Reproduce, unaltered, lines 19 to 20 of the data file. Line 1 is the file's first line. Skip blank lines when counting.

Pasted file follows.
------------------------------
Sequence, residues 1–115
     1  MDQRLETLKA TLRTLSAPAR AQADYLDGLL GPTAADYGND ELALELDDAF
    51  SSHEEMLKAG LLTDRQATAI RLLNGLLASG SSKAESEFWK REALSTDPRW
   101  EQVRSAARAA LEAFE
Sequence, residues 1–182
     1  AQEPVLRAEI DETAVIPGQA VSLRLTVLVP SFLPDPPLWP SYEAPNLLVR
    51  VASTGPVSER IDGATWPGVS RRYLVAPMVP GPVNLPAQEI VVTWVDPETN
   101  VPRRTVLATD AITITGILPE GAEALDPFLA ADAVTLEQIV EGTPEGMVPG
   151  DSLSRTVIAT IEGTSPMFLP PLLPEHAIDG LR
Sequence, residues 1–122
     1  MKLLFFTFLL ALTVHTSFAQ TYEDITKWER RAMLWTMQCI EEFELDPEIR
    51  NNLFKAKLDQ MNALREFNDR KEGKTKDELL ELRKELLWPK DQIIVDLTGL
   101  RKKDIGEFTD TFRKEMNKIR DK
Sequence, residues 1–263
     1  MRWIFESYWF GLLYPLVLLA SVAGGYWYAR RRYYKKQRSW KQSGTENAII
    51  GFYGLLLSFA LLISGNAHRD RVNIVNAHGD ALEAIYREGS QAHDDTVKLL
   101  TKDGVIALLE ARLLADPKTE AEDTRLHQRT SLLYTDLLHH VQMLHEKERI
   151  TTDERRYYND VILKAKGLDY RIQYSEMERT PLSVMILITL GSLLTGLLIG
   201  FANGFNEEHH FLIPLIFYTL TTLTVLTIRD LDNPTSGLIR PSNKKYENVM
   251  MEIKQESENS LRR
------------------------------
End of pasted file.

   201  FANGFNEEHH FLIPLIFYTL TTLTVLTIRD LDNPTSGLIR PSNKKYENVM
   251  MEIKQESENS LRR